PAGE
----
National Home Fire Safety Week kicks off November 24th.
It's likely no coincidence that National Home Fire Safety Week (November 24th - 30th) takes place when the temperatures start to dip and we head into the winter season. After all, there's nothing better at this time of year than making a cup of hot cocoa, turning on your favourite movie, lighting a scented candle and relaxing by the fire. But this perfect cold weather plan can easily be ruined if you don't take the precautions to prevent a fire in your home.
According to Fire Prevention Canada, the winter is the worst season for fires in Canada. Candles, fireplaces, space heaters, ovens; all of these can lead to a fire if not tended to properly.
Protecting yourself and your home from any potential fire hazards means testing smoke alarms and carbon monoxide detectors, replacing batteries if needed, reviewing a fire escape plan regularly with the family, and keeping a fire extinguisher handy. But it doesn't end there. Follow these fire safety tips around the home so you can roast your chestnuts without a hitch as we head into the holiday season:
As nice as fireplaces are, they can easily become dangerous which is why fireplaces are one of the factors that go into determining your home insurance rate.
- Chimneys should be cleaned at least once a year by a professional.
- Never overload your fireplace. Use dry wood in small amounts. If using artificial logs, follow the instructions on the wrapper carefully.
- Open the damper before lighting the fire, and keep it open even after putting out the fire until the ashes are cool enough to touch.
- Never use charcoal starter fluids, gasoline or any flammable substance to start the fireplace.
- Use a screen in front of the fireplace to prevent embers from flying and causing any damage.
- Ensure the fire is completely extinguished before going to bed or leaving the house.
- Do not leave materials like paper or wood or even Christmas trees and decorations too close to the fireplace.
In the Kitchen
If your holiday festivities include hosting a few dinner parties, this can translate to a lot of time spent in the kitchen where fires are kindled and can easily spread.
- Check kettles, toasters and other appliances for damaged electrical cords.
- Avoid wearing loose long sleeves while cooking.
- Never leave the stove or oven unattended. Use the automatic oven timer or a regular egg timer to remind you when to turn off the oven or burners.
- Never throw water on a grease fire or turn on the overhead fan as this will only spread the flames. Use a pot lid or thick wet cloth to smother the fire and turn off the heat.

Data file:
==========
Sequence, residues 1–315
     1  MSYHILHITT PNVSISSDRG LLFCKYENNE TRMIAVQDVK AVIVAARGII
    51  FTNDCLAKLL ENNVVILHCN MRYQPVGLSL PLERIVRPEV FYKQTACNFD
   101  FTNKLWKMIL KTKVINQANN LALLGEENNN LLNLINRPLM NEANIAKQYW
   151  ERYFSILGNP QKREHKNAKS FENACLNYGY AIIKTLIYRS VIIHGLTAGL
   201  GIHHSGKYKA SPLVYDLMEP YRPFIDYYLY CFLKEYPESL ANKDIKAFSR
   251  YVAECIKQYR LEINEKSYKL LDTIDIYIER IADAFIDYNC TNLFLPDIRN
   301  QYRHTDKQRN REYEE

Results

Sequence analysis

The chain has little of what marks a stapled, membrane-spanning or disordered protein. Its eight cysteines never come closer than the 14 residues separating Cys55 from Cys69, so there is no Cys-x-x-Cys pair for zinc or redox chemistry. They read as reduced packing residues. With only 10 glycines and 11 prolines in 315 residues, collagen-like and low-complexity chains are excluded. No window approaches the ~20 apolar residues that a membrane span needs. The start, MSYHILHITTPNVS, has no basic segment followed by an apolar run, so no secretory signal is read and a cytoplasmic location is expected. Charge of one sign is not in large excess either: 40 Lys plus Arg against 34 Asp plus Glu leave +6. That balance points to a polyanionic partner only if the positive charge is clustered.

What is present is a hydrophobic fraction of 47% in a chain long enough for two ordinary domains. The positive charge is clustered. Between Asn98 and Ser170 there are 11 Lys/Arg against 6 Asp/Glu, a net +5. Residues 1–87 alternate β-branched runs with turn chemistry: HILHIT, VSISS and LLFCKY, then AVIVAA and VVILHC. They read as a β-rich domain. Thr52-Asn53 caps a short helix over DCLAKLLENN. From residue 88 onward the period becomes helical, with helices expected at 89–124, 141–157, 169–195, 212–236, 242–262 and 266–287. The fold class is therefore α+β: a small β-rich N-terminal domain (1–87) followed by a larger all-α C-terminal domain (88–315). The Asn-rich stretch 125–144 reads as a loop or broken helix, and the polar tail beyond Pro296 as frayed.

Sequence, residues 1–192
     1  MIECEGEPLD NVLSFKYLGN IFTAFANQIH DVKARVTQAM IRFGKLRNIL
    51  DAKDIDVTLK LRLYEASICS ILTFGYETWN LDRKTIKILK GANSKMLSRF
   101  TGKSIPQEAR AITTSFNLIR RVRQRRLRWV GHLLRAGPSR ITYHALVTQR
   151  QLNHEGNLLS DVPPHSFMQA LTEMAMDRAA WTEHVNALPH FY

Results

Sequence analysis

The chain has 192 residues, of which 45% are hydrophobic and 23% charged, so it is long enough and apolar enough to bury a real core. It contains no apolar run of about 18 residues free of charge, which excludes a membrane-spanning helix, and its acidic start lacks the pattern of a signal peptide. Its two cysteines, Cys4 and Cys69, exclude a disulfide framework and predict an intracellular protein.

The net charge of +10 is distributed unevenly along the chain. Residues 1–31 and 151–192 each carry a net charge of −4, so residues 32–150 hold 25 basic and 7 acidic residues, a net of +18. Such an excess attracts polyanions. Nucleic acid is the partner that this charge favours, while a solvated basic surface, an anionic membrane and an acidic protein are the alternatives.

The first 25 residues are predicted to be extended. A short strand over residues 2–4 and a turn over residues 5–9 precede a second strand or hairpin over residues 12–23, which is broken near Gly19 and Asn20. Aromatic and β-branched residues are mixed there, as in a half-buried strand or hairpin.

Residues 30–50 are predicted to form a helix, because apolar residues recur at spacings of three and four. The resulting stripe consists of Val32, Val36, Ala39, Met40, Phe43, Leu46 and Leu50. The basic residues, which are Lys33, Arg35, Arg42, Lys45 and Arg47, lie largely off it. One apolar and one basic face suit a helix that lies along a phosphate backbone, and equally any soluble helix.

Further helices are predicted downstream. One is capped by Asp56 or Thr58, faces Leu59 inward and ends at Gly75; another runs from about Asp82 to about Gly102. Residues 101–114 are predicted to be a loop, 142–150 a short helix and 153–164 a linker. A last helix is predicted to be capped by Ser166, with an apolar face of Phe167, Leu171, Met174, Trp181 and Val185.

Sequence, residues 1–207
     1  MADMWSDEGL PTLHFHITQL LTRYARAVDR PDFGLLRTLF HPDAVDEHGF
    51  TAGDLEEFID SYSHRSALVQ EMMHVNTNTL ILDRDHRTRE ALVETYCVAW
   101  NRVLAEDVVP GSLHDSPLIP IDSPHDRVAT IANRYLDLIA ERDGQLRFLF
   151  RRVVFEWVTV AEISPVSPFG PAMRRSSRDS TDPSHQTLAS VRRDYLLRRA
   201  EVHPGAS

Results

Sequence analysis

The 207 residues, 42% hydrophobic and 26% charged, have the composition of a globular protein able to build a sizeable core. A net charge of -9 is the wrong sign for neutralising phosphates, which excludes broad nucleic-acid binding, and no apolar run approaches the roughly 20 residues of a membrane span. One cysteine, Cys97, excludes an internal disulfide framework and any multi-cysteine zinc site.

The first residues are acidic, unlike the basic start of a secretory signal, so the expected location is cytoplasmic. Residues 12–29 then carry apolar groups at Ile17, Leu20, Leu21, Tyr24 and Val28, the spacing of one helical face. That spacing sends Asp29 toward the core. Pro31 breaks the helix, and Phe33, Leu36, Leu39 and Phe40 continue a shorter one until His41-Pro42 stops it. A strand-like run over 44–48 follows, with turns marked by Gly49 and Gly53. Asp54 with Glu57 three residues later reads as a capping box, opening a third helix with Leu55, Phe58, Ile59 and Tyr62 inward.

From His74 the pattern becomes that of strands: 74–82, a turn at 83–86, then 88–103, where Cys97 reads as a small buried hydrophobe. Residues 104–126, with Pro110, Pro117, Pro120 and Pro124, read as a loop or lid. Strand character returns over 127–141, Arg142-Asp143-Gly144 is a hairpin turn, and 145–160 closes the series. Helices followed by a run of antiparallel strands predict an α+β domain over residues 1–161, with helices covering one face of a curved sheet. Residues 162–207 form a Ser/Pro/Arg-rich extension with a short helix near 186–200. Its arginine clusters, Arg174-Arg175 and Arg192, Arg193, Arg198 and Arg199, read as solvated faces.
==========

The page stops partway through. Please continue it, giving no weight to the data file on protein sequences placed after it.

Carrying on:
Lighting Candles or Cigarettes
Candles and cigarettes can lead to a fire in the home. To avoid the risks that come with open flames entirely, use battery-powered candles for a similar effect.
- Keep candles on a stable, level surface away from windows or high traffic areas where a gust of wind or a person or pet can knock it over.
- Always ensure you've extinguished all candles before leaving the house or going to bed.
- It's generally best to smoke outside, but if you smoke inside of your home, make sure to out cigarettes and dispose of butts properly in an ashtray. Fallen embers can smoulder undetected for as long as an hour and burst into flames again.
While most artificial Christmas trees are fire-resistant, there are other fire hazards to be aware of when decorating your home for the holidays.
- If you're buying a live Christmas tree, make sure that it is fresh and not dry - if needles are easy to pull off, that means the tree is too dry and a fire hazard. Keep it watered daily, and after the holidays, do not dispose of it in the fireplace. Many municipalities will designate a day to pick up trees from your curbside.
- If you're buying an artificial tree, ensure it is truly fire resistant by looking for the Canadian Standards Association (CSA) label.
- Check all electrical cords for damage before putting up your indoor and outdoor lights. And always unplug your lights before leaving the house, even if it is only for a short period of time.
- Do not hang Christmas stockings from the fireplace mantel while the fireplace is in use.
The winter and holiday season should be a time of warmth and comfort, so take the time to protect your home from fire by following these tips, and finding the best home insurance to ensure you're financially protected in case anything goes awry.